1617463360 weather alerts may be the smartest use of smart lights

Weather Alerts May Be the Smartest Use of Smart Lights

Spring brings with it fresh life, blooming flowers and incredible storms in some parts of the country. The old expression of March arrives like a lion and comes out like a lamb which is especially true in the southeast and Midwest, where spring storms are accompanied by damaging, dangerous tornadoes.

Meteorology has advanced in amazing ways. People now have a better idea when dangerous weather arrives, but even if they pay attention – and even then, if there is a lot going on in the house, it can be difficult to hear the alert.

Smart lights can alert you to severe weather, and the visual aspect of your color-changing lights will warn you to take cover – or at least be on the lookout for the possibility of dangerous weather. The key lies in connecting your smart lights to the National Weather Service through tools such as IFTTT.

RSS Feeds Can Save Your Life

When nature works, you can only cover. An EF5 tornado has a wind speed of 200 mph and sometimes over 320 mph. These twins can stay on the ground for miles and leave a trail of destruction on their way.

The only option is to seek shelter for someone en route to one of these storms. Even a relatively “weak” tornado can tear down roofs from homes and leave thousands of dollars worth of damage in its wake.

Weather alerts may be the smartest use of smart lights

The National Weather Service provides real-time updates to the entire country regarding potentially severe weather. When the conditions for the construction of a tornado are fixed, it is called a tornado clock. This means that a tornado has the potential to appear within a series of storms. When someone is actually seen, whether in person or on the Doppler radar, a storm warning is issued.

The National Weather Service’s RSS feed is a great tool to keep on hand, if only to know the weather in your area. You will get an alert whenever a weather alert is issued for your county or your zone.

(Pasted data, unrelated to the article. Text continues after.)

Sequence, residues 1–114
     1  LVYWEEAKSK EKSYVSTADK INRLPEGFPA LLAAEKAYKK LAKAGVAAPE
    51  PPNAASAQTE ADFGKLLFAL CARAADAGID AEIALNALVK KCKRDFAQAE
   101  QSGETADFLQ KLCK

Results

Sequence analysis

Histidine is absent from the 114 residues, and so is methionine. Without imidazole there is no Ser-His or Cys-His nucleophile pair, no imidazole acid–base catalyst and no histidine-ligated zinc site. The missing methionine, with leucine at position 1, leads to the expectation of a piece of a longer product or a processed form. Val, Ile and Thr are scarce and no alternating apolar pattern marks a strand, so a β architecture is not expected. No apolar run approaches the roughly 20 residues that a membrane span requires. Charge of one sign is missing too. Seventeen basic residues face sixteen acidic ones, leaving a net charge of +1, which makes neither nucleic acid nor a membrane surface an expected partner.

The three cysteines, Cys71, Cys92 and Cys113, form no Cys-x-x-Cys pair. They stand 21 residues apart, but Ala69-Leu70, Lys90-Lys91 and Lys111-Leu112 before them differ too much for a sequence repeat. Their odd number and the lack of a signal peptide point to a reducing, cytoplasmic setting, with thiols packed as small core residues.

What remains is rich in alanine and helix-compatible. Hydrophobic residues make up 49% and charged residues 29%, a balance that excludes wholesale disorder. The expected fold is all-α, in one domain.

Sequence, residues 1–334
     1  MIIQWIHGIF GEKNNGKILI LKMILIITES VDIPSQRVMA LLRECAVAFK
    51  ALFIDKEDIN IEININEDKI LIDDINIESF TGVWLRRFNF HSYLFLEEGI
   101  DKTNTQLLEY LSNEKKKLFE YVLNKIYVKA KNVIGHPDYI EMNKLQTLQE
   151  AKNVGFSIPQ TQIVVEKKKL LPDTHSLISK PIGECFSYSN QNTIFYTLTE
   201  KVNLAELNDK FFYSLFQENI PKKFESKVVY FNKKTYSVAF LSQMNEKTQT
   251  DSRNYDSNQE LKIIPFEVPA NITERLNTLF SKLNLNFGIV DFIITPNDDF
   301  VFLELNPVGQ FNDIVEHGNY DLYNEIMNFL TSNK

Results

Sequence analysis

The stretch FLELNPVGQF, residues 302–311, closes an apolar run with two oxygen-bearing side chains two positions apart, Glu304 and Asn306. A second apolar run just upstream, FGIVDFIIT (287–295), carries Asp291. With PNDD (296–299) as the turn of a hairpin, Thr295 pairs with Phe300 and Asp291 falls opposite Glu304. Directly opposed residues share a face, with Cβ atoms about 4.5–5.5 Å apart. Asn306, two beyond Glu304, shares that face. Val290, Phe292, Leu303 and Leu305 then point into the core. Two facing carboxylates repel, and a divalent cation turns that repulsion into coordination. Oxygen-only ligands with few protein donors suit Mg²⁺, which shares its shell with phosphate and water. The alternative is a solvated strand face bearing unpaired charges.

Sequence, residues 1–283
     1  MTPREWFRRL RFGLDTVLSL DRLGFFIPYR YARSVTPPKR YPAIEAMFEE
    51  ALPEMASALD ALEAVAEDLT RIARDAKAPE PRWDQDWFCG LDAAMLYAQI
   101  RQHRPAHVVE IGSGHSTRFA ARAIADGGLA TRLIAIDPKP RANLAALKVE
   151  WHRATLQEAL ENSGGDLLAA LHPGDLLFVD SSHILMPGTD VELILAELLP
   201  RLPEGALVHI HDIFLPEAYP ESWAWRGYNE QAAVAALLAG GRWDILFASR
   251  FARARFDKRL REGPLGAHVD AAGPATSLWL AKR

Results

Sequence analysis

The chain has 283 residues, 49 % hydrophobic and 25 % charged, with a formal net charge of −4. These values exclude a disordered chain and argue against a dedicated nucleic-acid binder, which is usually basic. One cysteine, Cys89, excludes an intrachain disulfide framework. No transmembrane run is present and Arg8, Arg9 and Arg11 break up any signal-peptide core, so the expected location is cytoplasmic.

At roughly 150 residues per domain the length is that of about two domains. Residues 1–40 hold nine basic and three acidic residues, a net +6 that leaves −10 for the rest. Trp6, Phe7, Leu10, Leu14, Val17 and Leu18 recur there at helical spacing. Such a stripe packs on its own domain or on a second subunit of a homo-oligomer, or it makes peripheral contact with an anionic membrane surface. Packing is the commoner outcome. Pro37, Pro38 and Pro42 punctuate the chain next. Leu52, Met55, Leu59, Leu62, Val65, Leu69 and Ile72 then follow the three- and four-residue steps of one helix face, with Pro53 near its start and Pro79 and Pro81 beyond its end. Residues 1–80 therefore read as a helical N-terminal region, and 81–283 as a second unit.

It becomes even more useful if you connect it to IFTTT.

Yellow means looking out, red means duck

One of the triggers of IFTTT is RSS feeds. You will need a URL for your region, but it is easy to find. Go to the National Weather Service website and scroll down to find out your state. Select your state, and then choose whether to sort by zone or county.

Think of the areas as more focused areas. In many cases, counties and zones will be similar, but larger counties may have different zones. For example, Atlanta, Georgia is found in Fulton County, but Fulton County is divided into two regions: North Fulton and South Fulton.

Click on the code next to the name of your county or region, and then copy the URL. Enter it in the “Feed URL” section of IFTTT and create your trigger.

Now select your brand of smart light from the “Then” list. IFTTT is compatible with a large range of brands, including leading names such as Philips Hue and LIFX. Choose your lighting and set the colors to change to your liking.

Whenever an alert is issued, you can simple and change your light to yellow or red, or you can make the dishes more complex and change the color to match specific types of alerts. For example, you might set green for a flash flood warning, yellow for a strong thunderstorm, and red for a tornado warning.

If there are clouds in the sky (or it is night) and the light suddenly changes color, then you know how to handle yourself.

A life guard was impaired for hearing

Almost everyone knows that static beep-beep-beep TVs make whenever they issue a storm warning. It draws your attention long enough that reading the ticker at the bottom of the screen shows what is at risk and whether the counties are at risk.

But what about those who don’t even listen? If you or a family member has hearing loss or is completely deaf, you may not know to watch out for severe weather. It’s one thing when a hurricane has been in the news for a week – it’s something else entirely when these storms pop up from anywhere.

1617463358 44 weather alerts may be the smartest use of smart lights

A visual warning like changing light color will attract the attention of a deaf person when audible signals cannot. When the worst nature is impacting a neighborhood, this facility can save a life.

Even if you are in perfect health, an additional warning system only helps to make your home safe. During this time of year when storms are unpredictable and even regular rain showers sometimes become very powerful, stay on your weather radio and use your smart light as a secondary warning system Let it work.

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